There is significant reduction of plant height, number of branches, number of siliquae per plant, seed per siliqua which ultimately led to seed yield loss ranged from 15 to 25% in mustard varieties due to infection of Orobanche. Food and Agriculture Organization (Anonymous,  1993) indicated that Orobanche crenata caused 12% losses in faba bean yield in Egypt and Morocco and recently, another Technical Cooperation Programme of Food and Agriculture Organization (TCP FAO), indicated that an average of 30-40% yield losses in faba bean was due to Orobanche in same place. Legumes are more susceptible to Orobanche, its infestation was increasing trend in morocco from last 1981which was 21% but it increased to 51% in 2003.


  • Orobanche Management

    Management of Orobanche is very difficult mainly due to the certain reasons: it grows initially in underground location; its minute small seeds easily dispersed with several agents; longer seed viability; and it lacks a photosynthetic system, which could have been a potential herbicide target. Therefore, a major strategy towards Orobanche management should be taken to prevent its seed production from the existing population infesting crops as well as to deplete its seed bank reserve already present in soil. The following measures are very important to control Orobanche.

    5.1. Preventive

    Prevention is employed for minimizing the spread of Orobanche across and within the regions as well as to reduce its soil seed bank on gradual basis.

    a) Clean crop seed should be used

    b) Farm implements (ploughs, hoes) from an infested field should be cleaned before taking them to a new field

    c) Quarantine should be followed properly

    d) Avoid transfer of soil from infested area to a non-infested area

    e) Avoid grazing animals in the infested area at least until the Orobanche has been removed

    f) Application of natural synthetic stimulants: There are several natural stimulants, such synthetic analogues of Orobanche as GR 7, GR 24 and GR 45, which can induce germination. These stimulants should be applied well ahead of crop sown induce Orobanche germination, but, the seedlings wither away in absence of a suitable host plant amounting to “Suicidal germination.” Orobanche plants those survived may be controlled by tillage, manual weeding or contact herbicide, e.g. paraquat, diquat.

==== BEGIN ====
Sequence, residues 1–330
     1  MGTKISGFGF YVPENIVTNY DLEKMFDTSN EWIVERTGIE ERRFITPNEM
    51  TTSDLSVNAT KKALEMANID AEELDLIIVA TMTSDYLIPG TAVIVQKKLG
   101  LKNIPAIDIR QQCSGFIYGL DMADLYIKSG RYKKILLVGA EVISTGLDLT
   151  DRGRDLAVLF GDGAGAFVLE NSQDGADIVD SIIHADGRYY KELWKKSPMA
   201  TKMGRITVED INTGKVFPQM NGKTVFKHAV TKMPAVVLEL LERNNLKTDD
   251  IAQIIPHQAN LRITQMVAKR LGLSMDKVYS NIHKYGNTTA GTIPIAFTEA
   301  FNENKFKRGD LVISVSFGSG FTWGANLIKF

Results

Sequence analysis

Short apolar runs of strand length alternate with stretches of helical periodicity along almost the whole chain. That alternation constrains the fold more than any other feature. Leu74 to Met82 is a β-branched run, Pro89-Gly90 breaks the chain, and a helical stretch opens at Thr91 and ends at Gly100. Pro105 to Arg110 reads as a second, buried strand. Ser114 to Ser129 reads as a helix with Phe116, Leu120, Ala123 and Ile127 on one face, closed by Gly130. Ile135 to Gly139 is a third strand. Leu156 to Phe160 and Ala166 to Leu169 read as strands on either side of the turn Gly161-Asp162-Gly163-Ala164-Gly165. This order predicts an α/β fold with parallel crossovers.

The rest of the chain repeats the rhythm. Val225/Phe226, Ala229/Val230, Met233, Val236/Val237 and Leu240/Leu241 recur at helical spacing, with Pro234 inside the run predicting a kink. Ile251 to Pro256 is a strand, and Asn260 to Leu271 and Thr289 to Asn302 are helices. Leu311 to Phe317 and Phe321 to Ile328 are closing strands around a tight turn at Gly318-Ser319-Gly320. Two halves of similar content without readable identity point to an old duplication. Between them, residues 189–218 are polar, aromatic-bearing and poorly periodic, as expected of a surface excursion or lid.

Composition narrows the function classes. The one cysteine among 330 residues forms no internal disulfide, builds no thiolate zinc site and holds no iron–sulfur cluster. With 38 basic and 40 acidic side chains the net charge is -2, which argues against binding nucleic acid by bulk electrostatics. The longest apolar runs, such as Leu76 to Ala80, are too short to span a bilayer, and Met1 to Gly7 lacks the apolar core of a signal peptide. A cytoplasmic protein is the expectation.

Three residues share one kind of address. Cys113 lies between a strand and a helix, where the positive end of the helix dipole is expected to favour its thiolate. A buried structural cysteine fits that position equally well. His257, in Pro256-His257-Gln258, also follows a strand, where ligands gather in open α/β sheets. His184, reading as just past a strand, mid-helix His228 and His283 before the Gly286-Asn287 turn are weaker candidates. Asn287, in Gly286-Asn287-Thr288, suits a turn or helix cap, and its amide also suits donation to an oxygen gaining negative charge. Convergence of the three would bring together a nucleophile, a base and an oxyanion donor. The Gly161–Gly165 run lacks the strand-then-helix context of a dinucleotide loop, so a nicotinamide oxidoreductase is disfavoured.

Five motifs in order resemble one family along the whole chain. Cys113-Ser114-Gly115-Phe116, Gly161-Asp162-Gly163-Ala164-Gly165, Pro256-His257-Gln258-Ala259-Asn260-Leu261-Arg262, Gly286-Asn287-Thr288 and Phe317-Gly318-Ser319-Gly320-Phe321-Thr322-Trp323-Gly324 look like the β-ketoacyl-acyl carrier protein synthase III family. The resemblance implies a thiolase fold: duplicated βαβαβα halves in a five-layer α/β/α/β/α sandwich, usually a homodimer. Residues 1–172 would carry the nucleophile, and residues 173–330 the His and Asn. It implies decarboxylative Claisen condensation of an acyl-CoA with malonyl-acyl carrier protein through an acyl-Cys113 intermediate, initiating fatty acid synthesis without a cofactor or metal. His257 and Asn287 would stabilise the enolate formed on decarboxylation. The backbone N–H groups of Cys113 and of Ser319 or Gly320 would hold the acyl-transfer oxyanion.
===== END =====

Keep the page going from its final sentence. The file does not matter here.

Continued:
5.2.  Cultural

    a) Cropping system: Due to allelopathic interactions, it has been shown that intercropping of faba bean and pea with cereals like oat or fenugreek will lessen O. crenata infection (Fernandez-Aparicio et al., 2016).

    b) Trap crops and catch crops: Trap crops promote broomrape seed germination but do not support parasitism. Catch crops support parasitism but are destroyed prior to broomrape flowering. There are some potential trap crops or “false crops” that offer the advantage of stimulating the germination of the root parasites without being parasitized them. The control of parasitic weeds with trap crops is one of the most economical and practical methods for small-scale commercial farming. The root exudates of many plant species are active in stimulating the germination of the seeds of Orobanche and Phelipanche spp. but for which they are not described as hosts. Examples of trap crops for broomrape include flax, mung bean, maize, fenugreek and sorghum. Berseem as a catch crop in Egypt is harvested repeatedly for forage in order to prevent the full development and seeding of the parasite.

    c) Time of sowing: Late planting likely reduces Orobanche infestation in tobacco and other crop hosts. Late planting is a viable option where tobacco is the only remunerative crop.